Scientists in China coin an industry-suitable recipe for hierarchically porous carbons

Just like bread, hierarchically porous carbons (HPCs), are judged on their texture; so researchers in China have called on their baking know-how to cook up a sustainable method for producing these supercapacitor components.

HPCs could prove useful in energy storage because of their high surface area and short ion transport pathway. But existing synthetic methods for producing HPCs, including nanocasting and soft-templating, are unfeasible for industrial application as they require complex, expensive processes.

Yong Wang, from Zhejiang University, has been investigating building HPCs from crude biomass, including rice straw and bamboo, using a simple one-pot approach. ‘This is the first report of such a general method for producing biomass based HPCs. The effectiveness of our “leavening” method holds great potential for future industrial applications,’ he explains.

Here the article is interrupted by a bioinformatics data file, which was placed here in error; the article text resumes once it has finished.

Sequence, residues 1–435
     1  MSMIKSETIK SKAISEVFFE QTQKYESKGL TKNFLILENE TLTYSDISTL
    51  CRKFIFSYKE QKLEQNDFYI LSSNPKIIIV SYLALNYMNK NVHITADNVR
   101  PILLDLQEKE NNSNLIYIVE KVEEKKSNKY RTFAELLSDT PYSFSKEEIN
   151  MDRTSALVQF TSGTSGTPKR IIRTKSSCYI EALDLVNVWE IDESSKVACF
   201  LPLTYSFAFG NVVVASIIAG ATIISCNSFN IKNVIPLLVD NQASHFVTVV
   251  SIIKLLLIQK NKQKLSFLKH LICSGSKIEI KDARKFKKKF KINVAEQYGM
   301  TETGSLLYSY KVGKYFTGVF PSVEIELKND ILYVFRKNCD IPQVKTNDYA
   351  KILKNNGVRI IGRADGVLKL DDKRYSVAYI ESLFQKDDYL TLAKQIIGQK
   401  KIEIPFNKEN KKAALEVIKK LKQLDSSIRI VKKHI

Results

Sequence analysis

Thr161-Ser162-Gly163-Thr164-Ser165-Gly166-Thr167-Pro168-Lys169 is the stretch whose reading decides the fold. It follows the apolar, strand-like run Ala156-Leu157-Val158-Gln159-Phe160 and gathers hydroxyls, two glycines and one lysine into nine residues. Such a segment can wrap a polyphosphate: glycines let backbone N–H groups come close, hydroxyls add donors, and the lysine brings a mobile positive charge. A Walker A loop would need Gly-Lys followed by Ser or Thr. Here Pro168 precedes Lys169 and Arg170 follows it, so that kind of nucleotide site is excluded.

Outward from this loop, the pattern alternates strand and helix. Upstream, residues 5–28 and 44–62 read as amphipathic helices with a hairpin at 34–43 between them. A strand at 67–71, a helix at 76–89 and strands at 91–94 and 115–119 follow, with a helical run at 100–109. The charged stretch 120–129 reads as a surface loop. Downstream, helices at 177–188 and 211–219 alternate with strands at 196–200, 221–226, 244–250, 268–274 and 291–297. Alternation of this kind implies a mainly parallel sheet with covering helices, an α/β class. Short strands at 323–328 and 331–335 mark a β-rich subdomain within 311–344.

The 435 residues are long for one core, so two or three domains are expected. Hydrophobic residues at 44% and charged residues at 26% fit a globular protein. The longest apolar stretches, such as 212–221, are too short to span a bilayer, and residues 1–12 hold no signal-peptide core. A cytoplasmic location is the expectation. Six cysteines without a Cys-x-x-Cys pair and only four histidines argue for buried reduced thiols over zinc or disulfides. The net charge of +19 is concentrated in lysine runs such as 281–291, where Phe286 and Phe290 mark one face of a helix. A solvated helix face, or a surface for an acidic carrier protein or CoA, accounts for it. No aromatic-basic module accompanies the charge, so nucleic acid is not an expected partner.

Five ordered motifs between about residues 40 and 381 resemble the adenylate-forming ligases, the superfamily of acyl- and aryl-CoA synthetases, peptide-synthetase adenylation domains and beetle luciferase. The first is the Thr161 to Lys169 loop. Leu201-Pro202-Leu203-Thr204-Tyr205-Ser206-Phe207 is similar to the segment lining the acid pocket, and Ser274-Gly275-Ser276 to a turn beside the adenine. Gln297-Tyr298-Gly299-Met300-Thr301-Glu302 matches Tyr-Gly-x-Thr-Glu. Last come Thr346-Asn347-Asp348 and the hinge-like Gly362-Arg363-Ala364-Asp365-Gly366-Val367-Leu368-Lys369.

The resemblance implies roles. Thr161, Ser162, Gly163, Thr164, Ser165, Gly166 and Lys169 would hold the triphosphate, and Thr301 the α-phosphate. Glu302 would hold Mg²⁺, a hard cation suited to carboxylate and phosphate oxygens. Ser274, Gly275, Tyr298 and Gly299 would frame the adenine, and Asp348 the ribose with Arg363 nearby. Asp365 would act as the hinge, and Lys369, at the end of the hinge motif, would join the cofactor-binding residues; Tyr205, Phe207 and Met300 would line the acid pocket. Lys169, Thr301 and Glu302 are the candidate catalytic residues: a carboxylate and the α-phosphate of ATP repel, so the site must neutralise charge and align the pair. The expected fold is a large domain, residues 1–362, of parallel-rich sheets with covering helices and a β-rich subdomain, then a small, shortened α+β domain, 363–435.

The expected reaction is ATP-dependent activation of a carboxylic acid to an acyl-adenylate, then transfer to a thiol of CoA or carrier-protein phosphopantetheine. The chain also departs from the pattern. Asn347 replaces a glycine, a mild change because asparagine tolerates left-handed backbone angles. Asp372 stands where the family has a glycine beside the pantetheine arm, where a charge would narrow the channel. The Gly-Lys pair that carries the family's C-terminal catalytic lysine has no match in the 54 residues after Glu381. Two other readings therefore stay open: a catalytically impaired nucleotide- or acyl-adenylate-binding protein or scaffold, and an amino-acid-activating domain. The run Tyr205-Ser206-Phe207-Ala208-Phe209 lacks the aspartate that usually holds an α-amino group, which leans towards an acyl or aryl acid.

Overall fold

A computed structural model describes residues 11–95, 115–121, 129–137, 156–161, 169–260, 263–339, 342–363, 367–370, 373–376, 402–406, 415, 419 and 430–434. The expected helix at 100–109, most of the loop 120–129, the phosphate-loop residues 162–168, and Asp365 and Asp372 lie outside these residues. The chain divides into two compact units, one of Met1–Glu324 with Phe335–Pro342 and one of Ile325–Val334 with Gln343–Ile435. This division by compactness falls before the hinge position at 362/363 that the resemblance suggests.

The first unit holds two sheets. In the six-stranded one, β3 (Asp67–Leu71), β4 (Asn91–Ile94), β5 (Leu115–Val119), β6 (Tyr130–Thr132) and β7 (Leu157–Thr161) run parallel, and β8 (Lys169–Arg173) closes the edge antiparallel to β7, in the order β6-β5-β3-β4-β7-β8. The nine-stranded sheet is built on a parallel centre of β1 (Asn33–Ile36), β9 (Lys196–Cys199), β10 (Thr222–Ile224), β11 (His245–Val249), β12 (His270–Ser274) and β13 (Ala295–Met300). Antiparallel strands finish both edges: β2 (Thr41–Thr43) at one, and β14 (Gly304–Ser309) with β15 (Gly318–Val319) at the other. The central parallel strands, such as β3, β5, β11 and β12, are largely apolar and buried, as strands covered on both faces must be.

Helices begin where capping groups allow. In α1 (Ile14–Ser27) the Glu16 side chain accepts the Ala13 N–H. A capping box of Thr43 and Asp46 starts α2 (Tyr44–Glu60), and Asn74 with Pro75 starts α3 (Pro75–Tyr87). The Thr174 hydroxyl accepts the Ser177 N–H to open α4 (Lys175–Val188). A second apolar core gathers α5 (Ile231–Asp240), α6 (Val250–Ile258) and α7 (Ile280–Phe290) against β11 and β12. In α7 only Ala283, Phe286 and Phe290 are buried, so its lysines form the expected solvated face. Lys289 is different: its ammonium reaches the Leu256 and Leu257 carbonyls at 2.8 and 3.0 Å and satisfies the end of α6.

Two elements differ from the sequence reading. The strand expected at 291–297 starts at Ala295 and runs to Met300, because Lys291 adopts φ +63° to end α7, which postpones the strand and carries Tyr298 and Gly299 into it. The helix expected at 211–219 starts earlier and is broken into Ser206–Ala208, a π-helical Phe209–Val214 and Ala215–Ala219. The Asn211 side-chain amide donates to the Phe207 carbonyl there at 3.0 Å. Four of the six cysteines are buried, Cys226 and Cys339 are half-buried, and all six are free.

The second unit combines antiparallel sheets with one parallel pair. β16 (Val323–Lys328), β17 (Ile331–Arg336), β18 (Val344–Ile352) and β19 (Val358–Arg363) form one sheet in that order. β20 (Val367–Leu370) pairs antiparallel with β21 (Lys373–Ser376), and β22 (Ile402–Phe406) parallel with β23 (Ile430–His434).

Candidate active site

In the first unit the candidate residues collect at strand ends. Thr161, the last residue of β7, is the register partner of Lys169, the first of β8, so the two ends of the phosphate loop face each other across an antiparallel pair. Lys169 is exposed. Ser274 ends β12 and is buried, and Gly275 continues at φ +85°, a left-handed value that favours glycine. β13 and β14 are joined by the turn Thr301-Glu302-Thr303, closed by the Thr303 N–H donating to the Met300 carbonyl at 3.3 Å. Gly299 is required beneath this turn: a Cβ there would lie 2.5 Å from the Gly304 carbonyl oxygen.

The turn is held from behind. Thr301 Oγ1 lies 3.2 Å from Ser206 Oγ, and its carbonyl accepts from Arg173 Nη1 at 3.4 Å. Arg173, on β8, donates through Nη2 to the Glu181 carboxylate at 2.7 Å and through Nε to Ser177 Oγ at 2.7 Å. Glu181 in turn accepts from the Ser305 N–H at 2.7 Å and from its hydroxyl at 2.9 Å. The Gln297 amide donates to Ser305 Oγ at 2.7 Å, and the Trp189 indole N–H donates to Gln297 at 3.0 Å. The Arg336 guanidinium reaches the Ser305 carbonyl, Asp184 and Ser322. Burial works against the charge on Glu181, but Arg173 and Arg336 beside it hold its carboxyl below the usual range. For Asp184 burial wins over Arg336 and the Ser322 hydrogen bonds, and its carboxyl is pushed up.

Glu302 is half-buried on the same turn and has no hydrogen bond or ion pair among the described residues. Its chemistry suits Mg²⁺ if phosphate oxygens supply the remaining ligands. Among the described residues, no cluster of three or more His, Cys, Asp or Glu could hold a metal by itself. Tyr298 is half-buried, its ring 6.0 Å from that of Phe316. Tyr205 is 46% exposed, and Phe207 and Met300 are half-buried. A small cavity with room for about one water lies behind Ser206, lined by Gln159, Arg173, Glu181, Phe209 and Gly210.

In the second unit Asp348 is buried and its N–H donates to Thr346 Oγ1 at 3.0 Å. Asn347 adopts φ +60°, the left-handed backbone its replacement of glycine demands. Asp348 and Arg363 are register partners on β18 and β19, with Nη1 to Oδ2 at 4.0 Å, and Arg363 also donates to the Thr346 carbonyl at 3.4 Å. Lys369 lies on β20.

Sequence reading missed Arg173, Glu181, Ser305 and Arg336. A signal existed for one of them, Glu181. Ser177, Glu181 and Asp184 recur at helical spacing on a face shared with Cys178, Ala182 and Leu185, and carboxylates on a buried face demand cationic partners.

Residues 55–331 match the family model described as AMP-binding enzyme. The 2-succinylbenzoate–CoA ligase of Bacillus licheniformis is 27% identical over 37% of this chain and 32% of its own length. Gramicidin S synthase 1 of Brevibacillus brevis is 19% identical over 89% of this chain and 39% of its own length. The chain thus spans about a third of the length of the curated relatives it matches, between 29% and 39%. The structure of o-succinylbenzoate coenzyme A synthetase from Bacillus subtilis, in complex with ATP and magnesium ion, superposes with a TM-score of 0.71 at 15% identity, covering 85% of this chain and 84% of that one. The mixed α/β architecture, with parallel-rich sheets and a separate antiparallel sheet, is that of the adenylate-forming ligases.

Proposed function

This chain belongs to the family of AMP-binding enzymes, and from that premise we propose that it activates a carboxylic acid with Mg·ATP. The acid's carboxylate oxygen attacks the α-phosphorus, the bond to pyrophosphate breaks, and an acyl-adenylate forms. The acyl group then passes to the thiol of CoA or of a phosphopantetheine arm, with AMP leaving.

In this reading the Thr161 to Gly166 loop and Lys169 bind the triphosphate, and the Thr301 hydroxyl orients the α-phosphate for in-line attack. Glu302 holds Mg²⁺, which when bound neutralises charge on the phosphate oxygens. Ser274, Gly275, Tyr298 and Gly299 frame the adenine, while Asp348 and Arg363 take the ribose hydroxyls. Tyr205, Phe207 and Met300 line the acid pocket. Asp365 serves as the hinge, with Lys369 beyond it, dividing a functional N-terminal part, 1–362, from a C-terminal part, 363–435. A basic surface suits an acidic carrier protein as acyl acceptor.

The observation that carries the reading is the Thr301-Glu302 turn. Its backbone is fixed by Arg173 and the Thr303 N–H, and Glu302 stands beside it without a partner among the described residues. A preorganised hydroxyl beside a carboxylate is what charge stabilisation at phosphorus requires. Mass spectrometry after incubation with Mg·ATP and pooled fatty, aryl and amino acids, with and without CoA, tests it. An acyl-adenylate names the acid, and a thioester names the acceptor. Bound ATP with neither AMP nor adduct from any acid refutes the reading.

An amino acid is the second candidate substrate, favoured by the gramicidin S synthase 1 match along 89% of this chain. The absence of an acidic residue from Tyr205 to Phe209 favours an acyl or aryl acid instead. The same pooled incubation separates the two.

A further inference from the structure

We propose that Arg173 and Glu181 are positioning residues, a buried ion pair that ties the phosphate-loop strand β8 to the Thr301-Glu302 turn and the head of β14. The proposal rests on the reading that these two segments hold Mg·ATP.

Wang’s team’s method was inspired by bread making, where gas-producing reagents like yeast and baking soda (sodium bicarbonate) create a porous structure. In a similar way, the team used potassium bicarbonate during the carbonisation of biomass to prepare HPCs with a large surface area and a well-developed 3D hierarchically porous texture of macro, meso and micropores.

Crude biomass is mixed with potassium hydroxide before calcination under an inert gas

Materials scientists are impressed by the findings. Robert Mokaya, from the University of Nottingham, UK, says this method is akin to carbon activation, except that some macroporosity is developed in addition to micropores and mesopores. ‘This is interesting as such hierarchical materials, where some control at various pore size levels is possible, are usually templated via more complicated methods,’ he says. And Zoe Schnepp, from the University of Birmingham, UK, comments that carbon is a really important material and is attracting a lot of interest. ‘A nice feature of this work is that the researchers can introduce multiple levels of porosity – macro, meso, and micropores – into a single material via a really simple method.’